Abbas Ibn Firnas
Andalusian scholar and inventor of crystal.
Abbas Ibn Firnas came to Cordoba to teach music but his interest drifted to mathematics and then in the mechanics of flight. He constructed a pair of wings made out of feathers in a wooden frame, and attempted to fly - contributions to the history of ideas.
He made several attempts to construct a flying machine. In 852 he jumped from the minaret of the Grand Mosque in Cordoba using a loose cloak stiffened with wooden struts. He hoped to glide like a bird. He didn't. But the cloak slowed his fall, creating what is thought to be the first parachute, and leaving him with only minor injuries.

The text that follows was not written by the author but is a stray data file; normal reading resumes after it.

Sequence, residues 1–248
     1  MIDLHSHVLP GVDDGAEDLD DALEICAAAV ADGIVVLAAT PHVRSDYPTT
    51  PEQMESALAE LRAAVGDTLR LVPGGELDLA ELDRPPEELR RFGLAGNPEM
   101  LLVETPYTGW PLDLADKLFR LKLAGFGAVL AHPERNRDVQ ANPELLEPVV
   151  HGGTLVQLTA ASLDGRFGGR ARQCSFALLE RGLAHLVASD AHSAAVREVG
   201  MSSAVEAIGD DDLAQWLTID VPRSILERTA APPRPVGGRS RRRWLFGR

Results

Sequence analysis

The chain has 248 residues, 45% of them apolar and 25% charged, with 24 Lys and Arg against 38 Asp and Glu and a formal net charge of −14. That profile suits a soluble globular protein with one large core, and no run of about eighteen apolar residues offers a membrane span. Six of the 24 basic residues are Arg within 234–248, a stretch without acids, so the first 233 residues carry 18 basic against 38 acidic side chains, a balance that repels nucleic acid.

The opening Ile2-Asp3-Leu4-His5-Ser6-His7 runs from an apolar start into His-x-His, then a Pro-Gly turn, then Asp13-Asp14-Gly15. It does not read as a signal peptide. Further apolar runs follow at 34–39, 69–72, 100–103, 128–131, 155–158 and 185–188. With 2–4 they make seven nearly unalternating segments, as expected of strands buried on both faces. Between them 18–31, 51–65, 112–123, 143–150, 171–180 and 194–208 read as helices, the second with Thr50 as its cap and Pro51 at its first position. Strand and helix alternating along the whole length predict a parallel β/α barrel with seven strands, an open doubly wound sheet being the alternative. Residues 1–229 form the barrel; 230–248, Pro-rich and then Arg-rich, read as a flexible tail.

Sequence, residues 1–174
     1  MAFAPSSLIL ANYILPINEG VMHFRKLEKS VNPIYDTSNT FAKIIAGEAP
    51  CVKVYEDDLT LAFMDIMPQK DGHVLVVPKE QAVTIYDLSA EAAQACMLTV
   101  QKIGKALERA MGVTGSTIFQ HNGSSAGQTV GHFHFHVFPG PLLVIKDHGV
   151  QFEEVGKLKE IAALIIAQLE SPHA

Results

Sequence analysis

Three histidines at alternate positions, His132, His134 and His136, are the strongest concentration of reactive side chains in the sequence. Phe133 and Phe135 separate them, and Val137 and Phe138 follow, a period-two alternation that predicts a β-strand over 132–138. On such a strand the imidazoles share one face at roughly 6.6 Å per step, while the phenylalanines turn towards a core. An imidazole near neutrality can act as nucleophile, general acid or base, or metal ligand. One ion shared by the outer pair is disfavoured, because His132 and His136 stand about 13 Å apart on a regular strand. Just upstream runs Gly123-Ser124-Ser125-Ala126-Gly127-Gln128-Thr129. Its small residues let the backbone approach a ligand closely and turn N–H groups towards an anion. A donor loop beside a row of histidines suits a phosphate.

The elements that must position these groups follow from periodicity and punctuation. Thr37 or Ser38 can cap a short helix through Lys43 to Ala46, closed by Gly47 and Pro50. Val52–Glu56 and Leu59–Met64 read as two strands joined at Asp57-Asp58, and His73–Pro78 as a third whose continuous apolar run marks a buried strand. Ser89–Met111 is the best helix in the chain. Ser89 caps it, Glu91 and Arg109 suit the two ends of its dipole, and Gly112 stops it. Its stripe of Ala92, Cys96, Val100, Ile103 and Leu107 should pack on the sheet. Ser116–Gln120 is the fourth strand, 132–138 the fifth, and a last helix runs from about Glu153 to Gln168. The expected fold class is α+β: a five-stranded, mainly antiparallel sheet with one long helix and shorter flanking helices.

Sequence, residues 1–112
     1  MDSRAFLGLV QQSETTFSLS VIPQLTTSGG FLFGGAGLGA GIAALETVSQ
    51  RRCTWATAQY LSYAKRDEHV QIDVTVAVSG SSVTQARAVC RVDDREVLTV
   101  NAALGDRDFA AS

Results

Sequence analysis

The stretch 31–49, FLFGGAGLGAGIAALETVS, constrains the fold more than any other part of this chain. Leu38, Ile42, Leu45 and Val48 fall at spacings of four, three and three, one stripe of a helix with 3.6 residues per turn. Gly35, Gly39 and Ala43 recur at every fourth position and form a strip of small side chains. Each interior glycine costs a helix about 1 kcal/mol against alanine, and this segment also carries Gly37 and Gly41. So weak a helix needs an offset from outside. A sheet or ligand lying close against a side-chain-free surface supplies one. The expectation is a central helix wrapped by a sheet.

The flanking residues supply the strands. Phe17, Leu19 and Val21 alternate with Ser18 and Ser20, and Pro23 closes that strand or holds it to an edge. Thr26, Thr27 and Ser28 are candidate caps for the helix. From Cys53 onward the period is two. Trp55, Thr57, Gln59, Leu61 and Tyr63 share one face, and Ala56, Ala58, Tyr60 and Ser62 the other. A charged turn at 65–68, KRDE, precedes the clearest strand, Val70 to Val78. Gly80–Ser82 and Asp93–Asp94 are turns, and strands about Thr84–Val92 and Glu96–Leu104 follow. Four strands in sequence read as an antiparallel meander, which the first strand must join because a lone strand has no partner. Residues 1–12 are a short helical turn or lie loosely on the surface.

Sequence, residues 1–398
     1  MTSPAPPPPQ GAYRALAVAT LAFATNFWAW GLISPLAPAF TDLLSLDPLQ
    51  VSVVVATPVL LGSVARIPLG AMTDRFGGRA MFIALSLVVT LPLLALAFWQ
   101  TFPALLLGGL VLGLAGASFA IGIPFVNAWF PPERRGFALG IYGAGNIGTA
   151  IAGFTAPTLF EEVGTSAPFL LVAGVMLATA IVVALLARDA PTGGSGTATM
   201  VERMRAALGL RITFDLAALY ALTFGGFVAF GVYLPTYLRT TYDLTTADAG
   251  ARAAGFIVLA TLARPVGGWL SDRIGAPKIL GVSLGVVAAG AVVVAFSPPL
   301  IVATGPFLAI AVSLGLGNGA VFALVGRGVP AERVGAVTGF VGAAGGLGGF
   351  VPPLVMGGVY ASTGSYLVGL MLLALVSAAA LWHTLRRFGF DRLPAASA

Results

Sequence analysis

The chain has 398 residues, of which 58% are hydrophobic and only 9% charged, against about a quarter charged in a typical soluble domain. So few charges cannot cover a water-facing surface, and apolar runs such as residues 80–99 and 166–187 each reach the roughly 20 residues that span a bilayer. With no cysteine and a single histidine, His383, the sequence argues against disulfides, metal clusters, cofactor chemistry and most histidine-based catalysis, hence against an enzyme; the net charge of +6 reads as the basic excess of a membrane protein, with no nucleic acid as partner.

In 875, aged 70, having perfected a machine of silk and eagles' feathers he tried again, jumping from a mountain. He flew to a significant height and stayed aloft for ten minutes but crashed on landing - concluding, correctly, that it was because he had not given his device a tail so it would stall on landing. Baghdad International airport and a crater on the Moon are named after him.
Abbas turned his mind to the construction of a planetarium in which the planets actually revolved. It also simulated such celestial phenomena as thunder and lightning.
Next Abbas turned to the mathematical problems involved in the regularity of the facets of certain crystals and evolved a formula for manufacturing artificial crystals.
Compiled by:M. Nauman Khan / Ghulam Mohiuddin